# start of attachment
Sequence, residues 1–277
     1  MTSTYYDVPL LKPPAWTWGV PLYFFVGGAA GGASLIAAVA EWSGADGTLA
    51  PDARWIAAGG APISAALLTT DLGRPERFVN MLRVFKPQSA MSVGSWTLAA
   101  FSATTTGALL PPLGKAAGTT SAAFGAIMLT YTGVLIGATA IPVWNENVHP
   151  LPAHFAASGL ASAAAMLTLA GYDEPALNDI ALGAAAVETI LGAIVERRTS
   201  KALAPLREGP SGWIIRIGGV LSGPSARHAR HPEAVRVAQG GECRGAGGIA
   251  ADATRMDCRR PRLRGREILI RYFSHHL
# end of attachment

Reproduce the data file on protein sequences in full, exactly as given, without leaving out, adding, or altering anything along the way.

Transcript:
Sequence, residues 1–277
     1  MTSTYYDVPL LKPPAWTWGV PLYFFVGGAA GGASLIAAVA EWSGADGTLA
    51  PDARWIAAGG APISAALLTT DLGRPERFVN MLRVFKPQSA MSVGSWTLAA
   101  FSATTTGALL PPLGKAAGTT SAAFGAIMLT YTGVLIGATA IPVWNENVHP
   151  LPAHFAASGL ASAAAMLTLA GYDEPALNDI ALGAAAVETI LGAIVERRTS
   201  KALAPLREGP SGWIIRIGGV LSGPSARHAR HPEAVRVAQG GECRGAGGIA
   251  ADATRMDCRR PRLRGREILI RYFSHHL